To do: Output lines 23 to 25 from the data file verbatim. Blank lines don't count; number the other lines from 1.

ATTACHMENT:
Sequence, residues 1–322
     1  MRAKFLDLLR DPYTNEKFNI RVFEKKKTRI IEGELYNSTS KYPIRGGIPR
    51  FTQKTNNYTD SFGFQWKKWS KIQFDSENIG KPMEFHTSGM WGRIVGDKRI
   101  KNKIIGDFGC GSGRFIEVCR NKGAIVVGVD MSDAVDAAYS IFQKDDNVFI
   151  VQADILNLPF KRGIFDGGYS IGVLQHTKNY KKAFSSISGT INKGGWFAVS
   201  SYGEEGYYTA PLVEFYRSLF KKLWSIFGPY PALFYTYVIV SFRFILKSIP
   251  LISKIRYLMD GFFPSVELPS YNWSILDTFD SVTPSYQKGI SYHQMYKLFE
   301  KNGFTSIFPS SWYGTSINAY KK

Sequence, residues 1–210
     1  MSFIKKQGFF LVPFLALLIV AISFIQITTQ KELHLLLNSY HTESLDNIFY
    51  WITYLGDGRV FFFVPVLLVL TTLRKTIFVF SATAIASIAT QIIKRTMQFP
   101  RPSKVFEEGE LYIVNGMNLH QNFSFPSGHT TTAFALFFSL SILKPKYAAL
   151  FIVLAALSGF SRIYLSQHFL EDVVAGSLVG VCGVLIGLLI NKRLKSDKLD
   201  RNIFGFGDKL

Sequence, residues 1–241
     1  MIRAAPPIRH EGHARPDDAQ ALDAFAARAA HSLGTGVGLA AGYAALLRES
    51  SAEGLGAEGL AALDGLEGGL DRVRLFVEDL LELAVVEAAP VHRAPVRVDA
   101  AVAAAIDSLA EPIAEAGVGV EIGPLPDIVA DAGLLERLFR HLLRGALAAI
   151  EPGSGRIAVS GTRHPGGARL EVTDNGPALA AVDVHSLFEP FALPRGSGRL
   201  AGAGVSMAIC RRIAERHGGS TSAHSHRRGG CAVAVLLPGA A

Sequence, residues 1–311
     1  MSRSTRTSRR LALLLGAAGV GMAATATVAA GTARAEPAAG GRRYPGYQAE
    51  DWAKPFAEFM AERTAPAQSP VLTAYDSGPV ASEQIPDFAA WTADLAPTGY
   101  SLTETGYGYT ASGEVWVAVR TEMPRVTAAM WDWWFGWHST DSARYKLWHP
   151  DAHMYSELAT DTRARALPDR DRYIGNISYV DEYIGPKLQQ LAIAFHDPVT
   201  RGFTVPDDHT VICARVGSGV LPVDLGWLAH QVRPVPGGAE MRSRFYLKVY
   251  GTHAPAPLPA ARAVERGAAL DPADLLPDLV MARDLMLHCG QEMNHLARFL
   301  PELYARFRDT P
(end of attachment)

    51  DWAKPFAEFM AERTAPAQSP VLTAYDSGPV ASEQIPDFAA WTADLAPTGY
   101  SLTETGYGYT ASGEVWVAVR TEMPRVTAAM WDWWFGWHST DSARYKLWHP
   151  DAHMYSELAT DTRARALPDR DRYIGNISYV DEYIGPKLQQ LAIAFHDPVT